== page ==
The issue is when do we place the start of ‘eft’ when the friendship was changed? We know it continues up to today (is nu). But feor ge neah seems to imply that he stopped loving her when they were still together (neah), or perhaps only that even if she was with him he would hate her.
Eft‘ is completely non-specific in this regard, and could refer back to the time he went away. In this case the sequences can be made to match.

When was she ordered to move? In the Saxo story, it seems she is to be sent away immediately and this seems implied in Beowulf. In TWL there are two mentions of orders to move. However, on either reading of herheard niman the two moves are the same. Either her in the first move refers to where she is now, or the herh refers to the later bearu.

In addition, when the speaker’s lord is gone, she seeks folgað, which may mean support at another court, looking for her own supporters, or even her own lord’s retinue. Maybe she was looking for her escaped thane and his men. How this fits in with the order to move to the sacred grove is not clear. But presumably she only ends up in the grove when her quest is unsuccessful. If her husband is still in exile, then he must have sent a message to her or to his kin. Perhaps becoming a priestess in the sacred grove was the best he could come up with to save her.

The current situation in TWL could correspond to the position after Ingeld’s defeat by Hroðgar and Hroðulf, where the killing of the thanes is ancient history, but the repudiation continues. If the final section is not a curse, then the young husband (this fits) is in exile, a very damp one.

Perhaps lines 1-32 of The Seafarer  paint his exile experience.  However this passage, if included, adds nothing to the structure of the story.

The story in The Husband’s Message is also compatible on the face of it.

The opening lines where the riddling speaker speaks of his childhood would most likely have been added later to frame the piece. In this regard, it is perhaps no accident that line 13 in the MS starts with a large initial letter and the word hwæt, which often starts a poem. However, the lines back to line 5b present no narrative shift. Either lines 5 to 12 have been so written to ease the transition, or the large initial may be mere coincidence. The husband had to leave his people because of a feud. The natural meaning of this is that he was feuding with someone in his country. But it could also mean that he had to leave and fight the Danes and lost, never coming back. At least a feud is mentioned here, unlike in TWL. If the riddle frame is a later addition, the original significance of the beam would have been the oak tree growing over the caves.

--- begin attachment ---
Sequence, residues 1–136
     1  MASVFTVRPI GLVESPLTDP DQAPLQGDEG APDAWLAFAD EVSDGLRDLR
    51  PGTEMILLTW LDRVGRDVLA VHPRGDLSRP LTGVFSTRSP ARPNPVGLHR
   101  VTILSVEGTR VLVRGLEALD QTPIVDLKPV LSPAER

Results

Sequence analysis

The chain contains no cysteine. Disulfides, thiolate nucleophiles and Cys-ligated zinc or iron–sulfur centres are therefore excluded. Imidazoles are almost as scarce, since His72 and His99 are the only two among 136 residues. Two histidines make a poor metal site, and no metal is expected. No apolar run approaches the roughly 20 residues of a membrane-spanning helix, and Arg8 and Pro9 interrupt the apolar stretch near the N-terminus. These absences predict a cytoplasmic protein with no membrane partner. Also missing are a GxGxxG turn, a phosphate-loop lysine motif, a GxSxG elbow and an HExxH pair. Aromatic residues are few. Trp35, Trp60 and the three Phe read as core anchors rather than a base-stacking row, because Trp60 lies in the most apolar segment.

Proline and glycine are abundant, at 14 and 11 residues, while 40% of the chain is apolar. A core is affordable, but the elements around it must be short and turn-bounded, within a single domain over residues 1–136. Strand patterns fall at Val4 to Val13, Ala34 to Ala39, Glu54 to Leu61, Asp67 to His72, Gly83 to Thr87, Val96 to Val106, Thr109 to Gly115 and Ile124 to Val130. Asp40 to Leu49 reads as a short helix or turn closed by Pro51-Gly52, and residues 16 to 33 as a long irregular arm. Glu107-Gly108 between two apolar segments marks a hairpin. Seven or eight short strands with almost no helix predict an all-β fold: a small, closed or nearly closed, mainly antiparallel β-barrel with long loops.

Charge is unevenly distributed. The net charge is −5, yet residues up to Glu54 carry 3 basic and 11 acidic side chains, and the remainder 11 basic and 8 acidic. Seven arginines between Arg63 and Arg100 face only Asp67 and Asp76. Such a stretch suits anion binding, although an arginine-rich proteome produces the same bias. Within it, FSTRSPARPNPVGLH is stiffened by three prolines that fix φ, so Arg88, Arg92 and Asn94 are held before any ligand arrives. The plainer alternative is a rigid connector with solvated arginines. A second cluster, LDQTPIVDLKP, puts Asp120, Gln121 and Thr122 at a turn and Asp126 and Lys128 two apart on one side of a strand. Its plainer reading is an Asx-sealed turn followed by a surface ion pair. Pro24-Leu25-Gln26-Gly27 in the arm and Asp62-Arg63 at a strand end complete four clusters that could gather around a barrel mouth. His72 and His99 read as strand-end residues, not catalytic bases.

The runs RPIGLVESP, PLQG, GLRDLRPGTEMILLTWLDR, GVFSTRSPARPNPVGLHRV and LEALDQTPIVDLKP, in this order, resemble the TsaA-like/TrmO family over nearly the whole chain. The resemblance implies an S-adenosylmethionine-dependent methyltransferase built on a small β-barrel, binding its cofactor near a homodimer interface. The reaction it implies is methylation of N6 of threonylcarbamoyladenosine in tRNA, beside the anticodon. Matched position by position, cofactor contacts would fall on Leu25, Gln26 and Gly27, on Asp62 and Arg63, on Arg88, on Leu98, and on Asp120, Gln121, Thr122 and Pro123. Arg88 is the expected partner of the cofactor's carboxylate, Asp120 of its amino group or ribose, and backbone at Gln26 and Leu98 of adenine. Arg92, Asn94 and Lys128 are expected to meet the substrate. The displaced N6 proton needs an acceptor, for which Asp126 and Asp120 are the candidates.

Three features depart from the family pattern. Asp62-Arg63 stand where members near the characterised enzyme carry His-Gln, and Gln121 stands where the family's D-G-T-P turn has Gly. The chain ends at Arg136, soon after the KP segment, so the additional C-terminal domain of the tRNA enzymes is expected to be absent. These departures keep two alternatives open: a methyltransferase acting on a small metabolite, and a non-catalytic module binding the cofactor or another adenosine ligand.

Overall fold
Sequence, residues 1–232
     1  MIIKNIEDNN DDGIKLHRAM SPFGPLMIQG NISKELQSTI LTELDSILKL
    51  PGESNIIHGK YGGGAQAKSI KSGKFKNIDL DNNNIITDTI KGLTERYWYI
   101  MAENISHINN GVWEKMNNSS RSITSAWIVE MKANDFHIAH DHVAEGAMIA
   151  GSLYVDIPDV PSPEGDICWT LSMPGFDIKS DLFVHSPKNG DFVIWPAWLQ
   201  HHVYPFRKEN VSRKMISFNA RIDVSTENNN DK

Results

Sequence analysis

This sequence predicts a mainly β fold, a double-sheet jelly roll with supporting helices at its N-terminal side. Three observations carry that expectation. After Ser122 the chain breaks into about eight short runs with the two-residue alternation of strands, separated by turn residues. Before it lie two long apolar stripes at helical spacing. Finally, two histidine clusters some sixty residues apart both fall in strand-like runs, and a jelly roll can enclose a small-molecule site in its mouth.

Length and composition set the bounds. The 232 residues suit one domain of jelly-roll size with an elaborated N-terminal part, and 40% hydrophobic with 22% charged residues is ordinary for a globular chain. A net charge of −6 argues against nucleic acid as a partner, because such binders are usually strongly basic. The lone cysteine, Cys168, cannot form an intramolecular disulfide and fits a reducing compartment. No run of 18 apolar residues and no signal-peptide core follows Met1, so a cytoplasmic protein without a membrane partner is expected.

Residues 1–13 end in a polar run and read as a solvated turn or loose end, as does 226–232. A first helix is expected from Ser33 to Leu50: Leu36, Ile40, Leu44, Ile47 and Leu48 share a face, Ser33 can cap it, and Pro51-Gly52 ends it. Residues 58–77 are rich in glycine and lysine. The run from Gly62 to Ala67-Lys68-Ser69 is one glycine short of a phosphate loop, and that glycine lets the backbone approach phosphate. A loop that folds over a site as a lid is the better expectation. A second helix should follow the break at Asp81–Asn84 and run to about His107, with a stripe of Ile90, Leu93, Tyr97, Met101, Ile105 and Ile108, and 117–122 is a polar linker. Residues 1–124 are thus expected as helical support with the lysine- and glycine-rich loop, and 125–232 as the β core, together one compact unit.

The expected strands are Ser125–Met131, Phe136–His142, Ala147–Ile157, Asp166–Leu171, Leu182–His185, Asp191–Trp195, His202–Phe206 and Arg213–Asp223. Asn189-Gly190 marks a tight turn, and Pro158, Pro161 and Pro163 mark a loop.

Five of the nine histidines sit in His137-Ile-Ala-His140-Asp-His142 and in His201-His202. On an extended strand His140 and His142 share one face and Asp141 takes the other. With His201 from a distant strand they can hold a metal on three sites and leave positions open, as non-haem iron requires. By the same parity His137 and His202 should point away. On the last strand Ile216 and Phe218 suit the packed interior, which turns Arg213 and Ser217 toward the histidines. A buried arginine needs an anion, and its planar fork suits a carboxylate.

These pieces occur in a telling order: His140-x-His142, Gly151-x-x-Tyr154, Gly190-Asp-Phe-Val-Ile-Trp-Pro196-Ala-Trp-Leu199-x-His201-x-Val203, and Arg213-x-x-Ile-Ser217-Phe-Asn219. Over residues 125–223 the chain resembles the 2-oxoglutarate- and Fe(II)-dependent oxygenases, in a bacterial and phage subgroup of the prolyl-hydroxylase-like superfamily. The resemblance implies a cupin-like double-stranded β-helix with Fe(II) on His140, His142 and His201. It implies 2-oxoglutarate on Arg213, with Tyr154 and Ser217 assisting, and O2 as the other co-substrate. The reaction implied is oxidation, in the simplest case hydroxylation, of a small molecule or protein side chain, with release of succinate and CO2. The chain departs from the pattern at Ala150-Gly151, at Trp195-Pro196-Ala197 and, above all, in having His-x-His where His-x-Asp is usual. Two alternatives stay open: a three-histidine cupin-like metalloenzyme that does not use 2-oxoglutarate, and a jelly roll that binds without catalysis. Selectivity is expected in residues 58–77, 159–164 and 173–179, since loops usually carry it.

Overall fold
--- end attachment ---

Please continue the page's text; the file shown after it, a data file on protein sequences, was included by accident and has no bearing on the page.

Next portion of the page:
Putting the Pieces Together:

The speaker in The Wife’s Lament is Freawaru. She is the daughter of the Hroðgar, King of the Danes, given in marriage to Ingeld the Heaðobard, whose father was killed in battle by the Danes, together with the hero Wiðergyld .

Things go well for a while in the Heaðobard court, until Ingeld, provoked by an old warrior from among his own followers, kills one of Freawaru’s thanes. He then leaves his wife behind and goes off to fight the Danes, by whom he is defeated and subsequently goes into exile. During his exile he is a seafarer for at least part of the time.

Meanwhile Freawaru goes looking for supporters, but finds none. Ingeld, from his exile organises for her to live in the sacred grove, where she will be safe from his kin, in the same way as later cast-off queens were sent to a nunnery. She lives in a cave under an oak tree.

The story is completed in The Husband’s Message, with Ingeld sending Freawaru a secret message carved in runes on the oak tree in the grove. The message is encoded because he doesn’t want his kin to find out. He has overcome his troubles and established himself somewhere safe from the Danes. When the cuckoo sings in the grove, marking spring, she is to sail south and rejoin him.

Advertisements

Leave a Reply

Fill in your details below or click an icon to log in:

WordPress.com Logo

You are commenting using your WordPress.com account. Log Out / Change )

Twitter picture

You are commenting using your Twitter account. Log Out / Change )

Facebook photo

You are commenting using your Facebook account. Log Out / Change )

Google+ photo

You are commenting using your Google+ account. Log Out / Change )

Connecting to %s

%d bloggers like this: